The youngest of seven sons of a prosperous Greek merchant, Constantin P Cavafy was born in Alexandria, Egypt in 1863, where he spent most of his life, working as a government clerk in the area of water irrigation. He was also an occasional journalist.
The poet wrote in Greek, but only visited Greece four times in his life. As is often the case, his popularity grew apace after his death. Fellow poets WH Auden, Lawrence Durrell (who translated him), and more recently, Seamus Heaney were instrumental in spreading the word. During his lifetime, Cavafy published his poems at his own expense and circulated them among his friends.
Even after publication, he continually revised and amended the work. His verses often have an engaging air, as though he were calling the reader aside to share an astute observation about mortality or transience. A recurring them is the essential vanity of humankind through the ages, the feet of clay of classical figures. He also wrote erotic poetry recalling the dalliances of his gay youth.
Cavafy was fluent in English, and the poet George Seferis believed that he only spoke English until the age of nine. After the death of the poet’s father, Constantin's mother Charicleia brought three of her sons to England. The aspirant poet went to school in Liverpool and London.
Cavafy (or Cavafis) is one of the most referenced poets in the world today. His poems are accessible, almost conversational in tone, despite their erudition, typically built on a theme or conceit from the Hellenic and Byzantine eras. In many of his poems, he summons to life long vanished, often obscure, marginal figures from history. There is a sense of Shakesperean grandeur and breadth about much of his work.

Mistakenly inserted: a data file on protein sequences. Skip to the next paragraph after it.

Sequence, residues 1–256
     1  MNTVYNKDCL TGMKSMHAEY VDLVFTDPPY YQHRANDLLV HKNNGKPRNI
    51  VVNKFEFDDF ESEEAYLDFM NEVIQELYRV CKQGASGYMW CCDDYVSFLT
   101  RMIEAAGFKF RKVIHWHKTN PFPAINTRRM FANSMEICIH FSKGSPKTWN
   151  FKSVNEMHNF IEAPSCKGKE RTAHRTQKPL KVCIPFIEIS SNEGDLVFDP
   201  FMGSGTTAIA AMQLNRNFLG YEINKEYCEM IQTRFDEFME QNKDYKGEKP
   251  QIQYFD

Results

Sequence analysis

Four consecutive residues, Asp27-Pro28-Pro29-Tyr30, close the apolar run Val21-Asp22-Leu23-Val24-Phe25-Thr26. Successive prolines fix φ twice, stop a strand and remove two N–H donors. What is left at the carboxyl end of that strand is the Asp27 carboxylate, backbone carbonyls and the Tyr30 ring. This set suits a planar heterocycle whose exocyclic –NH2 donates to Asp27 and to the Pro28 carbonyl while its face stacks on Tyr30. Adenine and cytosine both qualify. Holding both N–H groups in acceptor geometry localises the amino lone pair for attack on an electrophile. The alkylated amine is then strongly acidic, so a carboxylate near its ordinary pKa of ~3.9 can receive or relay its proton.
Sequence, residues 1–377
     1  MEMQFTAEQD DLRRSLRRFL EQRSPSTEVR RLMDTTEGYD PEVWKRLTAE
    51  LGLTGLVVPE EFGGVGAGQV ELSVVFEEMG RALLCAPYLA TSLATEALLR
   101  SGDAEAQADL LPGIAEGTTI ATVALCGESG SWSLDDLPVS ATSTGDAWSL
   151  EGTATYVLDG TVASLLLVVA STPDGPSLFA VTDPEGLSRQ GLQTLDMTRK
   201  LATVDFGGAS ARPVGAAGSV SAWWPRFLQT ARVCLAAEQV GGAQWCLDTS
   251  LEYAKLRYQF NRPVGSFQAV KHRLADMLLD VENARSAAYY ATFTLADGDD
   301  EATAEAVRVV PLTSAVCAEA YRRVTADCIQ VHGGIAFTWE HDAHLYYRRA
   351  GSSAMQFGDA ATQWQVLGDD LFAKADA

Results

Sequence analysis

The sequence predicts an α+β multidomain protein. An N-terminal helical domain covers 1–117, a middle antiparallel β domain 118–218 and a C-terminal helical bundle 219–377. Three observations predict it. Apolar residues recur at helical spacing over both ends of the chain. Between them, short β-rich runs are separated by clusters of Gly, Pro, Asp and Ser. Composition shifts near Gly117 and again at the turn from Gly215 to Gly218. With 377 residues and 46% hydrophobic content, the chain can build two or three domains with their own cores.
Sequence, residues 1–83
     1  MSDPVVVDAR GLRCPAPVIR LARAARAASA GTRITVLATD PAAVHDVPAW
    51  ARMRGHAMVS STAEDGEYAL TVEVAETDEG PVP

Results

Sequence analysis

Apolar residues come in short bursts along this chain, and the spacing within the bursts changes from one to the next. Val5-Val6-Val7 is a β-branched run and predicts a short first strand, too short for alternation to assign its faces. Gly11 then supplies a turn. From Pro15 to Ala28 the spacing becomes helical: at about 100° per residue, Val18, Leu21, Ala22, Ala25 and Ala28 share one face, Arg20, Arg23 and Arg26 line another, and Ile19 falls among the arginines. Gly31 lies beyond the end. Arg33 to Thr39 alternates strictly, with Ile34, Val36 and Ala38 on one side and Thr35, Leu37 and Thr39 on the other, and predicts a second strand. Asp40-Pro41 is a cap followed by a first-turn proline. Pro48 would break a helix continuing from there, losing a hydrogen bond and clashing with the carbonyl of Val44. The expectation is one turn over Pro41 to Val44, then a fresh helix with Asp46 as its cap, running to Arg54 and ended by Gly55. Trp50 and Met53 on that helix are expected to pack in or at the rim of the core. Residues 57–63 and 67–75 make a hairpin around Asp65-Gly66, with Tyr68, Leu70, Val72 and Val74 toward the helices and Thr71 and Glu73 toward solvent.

You may know him better than you think. Leonard Cohen’s song, Alexandra Leaving was written as a free adaptation of the Cavafy poem, The God Abandons Antony. His most famous poem, Ithaca, was read at the funeral of Jacqueline Kennedy Onassis In 1994, .
Ithaca urges the reader to enjoy the journey, rather than getting too wrapped up in the destination. In other words, it is better to travel hopefully than to arrive. The stirring opening lines run as follows in Daniel Mendelsohn’s translation: “As you set out on the way to Ithaca/ hope that the road is a long one,/filled with adventures, filled with discoveries.” There is tremendous power in these words, the benign narrator is cautiously hopeful before all that the reader, the prospective traveller, may witness on life's journey.
The destination is not the point, though logically the traveller will believe it to be so. “Always in your mind keep Ithaca. /To arrive there is your destiny./But do not hurry your trip in any way.” Given the intense feeling of these lines in English, one envies the reader who is able to appreciate the poem in the original Greek in which Cavafy wrote.
The poet lived with his mother until her death in 1899, and in later life he lived in a flat over a brothel in Alexandria. He died in his native city on his seventieth birthday, April 29, 1933. Daniel Mendelsohn has previously edited two collections of Cavafy's poems. His lengthy introduction to this capacious volume is written with humane, engaging flair, and is in itself one of the book's treasures.